International Music Score Library Project, or The Problem with Wikis

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The November/December issue of Online Magazine includes an article on the "Top Ten Sites for Researching Music" (vol. 31, no. 6, pp. 15 - 21.) One of the top ten sites is the International Music Score Library Project (IMSLP), which is, or rather I should say was, "a virtual library of public domain music scores" that anyone could contribute to, "with the understanding that scores under copyright cannot be uploaded." As current as this magazine issue is, Prof. Robin Harris of the library staff noticed that the site is already down. I called it up and found online a long open letter. The letter says that the founder and project manager of IMSLP was experiencing two problems. One, he says that he is a college student and he was experiencing difficulties managing the site adequately. This included problems of server maintenance and implementation of new features. Two, he had received two Cease and Desist letters from Universal Edition. I assume that if he is receiving such letters, contributors must have uploaded scores that allegedly are not in the public domain. One problem with wikis of this sort is that the public does not understand public domain. Many people assume that works are in the public domain when in fact they are not. The Project Leader, "Feldmahler," mentions in his letter receiving pro bono assistance from "two outstanding university law teams" and he also thanks a copyright review team, but there is no indication what purpose or function these teams served. Another problem is that this site appeared to require a lot of time and effort, but was apparently run on a shoestring. Feldmahler mentions great efforts on the part of many people, but he emphasizes that he, "a normal college student, has neither the energy nor the money necessary to deal with this issue..." other than to "take down the entire site." "I very unfortunately simply do not have the energy or money necessary to implement the terms in the cease and desist in any other way." Unfortunately, in copyright, many times you get as much justice as you can afford.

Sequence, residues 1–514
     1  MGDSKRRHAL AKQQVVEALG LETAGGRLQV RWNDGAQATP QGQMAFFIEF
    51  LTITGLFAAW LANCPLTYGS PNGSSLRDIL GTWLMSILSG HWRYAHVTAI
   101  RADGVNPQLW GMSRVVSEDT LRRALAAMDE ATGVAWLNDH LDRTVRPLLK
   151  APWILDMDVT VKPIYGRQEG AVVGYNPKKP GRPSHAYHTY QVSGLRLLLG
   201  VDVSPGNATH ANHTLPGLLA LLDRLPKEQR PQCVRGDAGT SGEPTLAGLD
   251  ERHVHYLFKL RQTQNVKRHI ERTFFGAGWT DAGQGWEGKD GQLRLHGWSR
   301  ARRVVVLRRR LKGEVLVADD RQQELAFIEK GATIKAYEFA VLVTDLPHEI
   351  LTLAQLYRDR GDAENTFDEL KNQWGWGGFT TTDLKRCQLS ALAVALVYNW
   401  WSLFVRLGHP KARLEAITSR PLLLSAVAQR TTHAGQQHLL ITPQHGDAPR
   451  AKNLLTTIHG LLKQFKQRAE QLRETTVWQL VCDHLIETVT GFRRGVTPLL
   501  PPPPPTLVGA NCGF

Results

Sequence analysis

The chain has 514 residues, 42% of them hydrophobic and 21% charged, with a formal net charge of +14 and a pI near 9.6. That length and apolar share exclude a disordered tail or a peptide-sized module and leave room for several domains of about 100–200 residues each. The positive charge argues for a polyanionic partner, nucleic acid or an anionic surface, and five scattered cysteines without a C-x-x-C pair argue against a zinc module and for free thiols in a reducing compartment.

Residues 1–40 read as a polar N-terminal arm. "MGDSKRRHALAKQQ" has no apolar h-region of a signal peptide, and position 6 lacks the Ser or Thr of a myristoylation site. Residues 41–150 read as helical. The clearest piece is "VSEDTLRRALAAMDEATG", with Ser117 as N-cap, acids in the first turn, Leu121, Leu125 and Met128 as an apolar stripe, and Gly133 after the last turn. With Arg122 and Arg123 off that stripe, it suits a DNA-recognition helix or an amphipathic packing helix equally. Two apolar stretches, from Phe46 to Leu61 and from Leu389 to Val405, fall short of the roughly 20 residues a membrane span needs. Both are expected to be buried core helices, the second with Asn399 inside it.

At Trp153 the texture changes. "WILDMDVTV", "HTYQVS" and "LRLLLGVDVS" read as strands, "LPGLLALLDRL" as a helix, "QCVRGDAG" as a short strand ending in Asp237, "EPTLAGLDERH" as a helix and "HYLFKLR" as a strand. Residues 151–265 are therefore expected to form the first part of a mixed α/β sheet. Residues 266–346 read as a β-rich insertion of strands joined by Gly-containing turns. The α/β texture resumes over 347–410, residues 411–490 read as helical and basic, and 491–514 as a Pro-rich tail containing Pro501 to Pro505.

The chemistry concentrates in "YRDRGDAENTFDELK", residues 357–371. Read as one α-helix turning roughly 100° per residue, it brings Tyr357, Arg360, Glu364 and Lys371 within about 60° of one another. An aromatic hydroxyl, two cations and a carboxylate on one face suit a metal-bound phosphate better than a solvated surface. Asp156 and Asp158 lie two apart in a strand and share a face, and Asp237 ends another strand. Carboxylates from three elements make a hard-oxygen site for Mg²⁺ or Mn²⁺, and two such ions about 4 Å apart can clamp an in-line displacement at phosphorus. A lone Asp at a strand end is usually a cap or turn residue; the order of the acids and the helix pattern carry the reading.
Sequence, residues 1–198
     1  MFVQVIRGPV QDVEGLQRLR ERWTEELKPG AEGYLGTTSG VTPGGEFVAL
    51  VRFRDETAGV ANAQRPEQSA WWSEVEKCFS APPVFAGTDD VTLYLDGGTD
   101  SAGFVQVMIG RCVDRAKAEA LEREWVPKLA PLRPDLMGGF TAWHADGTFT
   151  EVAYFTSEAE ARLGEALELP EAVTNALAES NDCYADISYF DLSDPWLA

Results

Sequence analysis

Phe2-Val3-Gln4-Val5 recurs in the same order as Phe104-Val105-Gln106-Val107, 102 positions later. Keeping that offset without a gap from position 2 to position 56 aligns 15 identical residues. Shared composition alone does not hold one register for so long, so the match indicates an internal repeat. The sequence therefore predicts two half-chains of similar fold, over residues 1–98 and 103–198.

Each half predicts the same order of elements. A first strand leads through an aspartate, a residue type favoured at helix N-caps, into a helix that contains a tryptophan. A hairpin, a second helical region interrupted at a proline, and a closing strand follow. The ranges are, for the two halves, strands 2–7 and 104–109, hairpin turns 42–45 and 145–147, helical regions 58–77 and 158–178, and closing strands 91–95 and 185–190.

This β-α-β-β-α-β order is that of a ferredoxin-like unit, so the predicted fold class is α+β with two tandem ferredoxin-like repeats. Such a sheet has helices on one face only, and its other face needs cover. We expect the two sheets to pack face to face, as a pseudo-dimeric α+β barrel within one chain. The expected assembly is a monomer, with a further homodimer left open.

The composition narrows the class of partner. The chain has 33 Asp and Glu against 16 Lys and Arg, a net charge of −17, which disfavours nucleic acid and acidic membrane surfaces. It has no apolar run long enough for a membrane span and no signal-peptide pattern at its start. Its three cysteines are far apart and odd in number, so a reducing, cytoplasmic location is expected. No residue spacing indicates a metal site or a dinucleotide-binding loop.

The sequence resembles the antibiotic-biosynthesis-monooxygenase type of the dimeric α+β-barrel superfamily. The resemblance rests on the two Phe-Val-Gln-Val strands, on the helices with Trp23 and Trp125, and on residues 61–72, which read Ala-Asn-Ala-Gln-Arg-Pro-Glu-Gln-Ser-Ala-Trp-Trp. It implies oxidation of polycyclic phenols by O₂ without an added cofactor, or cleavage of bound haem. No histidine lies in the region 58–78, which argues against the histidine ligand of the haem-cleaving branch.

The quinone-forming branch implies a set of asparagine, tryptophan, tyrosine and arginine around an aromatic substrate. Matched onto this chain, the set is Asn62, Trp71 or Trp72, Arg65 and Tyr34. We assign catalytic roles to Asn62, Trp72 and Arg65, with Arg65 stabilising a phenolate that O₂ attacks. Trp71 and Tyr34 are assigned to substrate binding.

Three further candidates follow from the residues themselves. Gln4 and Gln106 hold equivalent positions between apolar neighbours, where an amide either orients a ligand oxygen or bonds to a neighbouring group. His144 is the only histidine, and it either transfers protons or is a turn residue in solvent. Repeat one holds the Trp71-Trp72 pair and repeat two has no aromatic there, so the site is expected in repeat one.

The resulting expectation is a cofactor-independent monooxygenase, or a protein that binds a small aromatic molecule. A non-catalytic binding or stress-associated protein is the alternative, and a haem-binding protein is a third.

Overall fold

This situation illustrates a problem that libraries face every day. If we pay for information in traditional formats, it is not as attractive and user-friendly as it is in digital format. It also takes up a lot of space, and requires effort and money to process and maintain. If we pay for information in electronic form, we don't own and control the media; we're only licensing it. If a company goes out of business, as did IMSLP, or if the information provider decides to change the scope of coverage, then we're out of luck. We can buy the information both in traditional and electronic forms, but if we do that we're using finite resources to duplicate information, which means we aren't providing our patrons with access to the breadth of information that we could.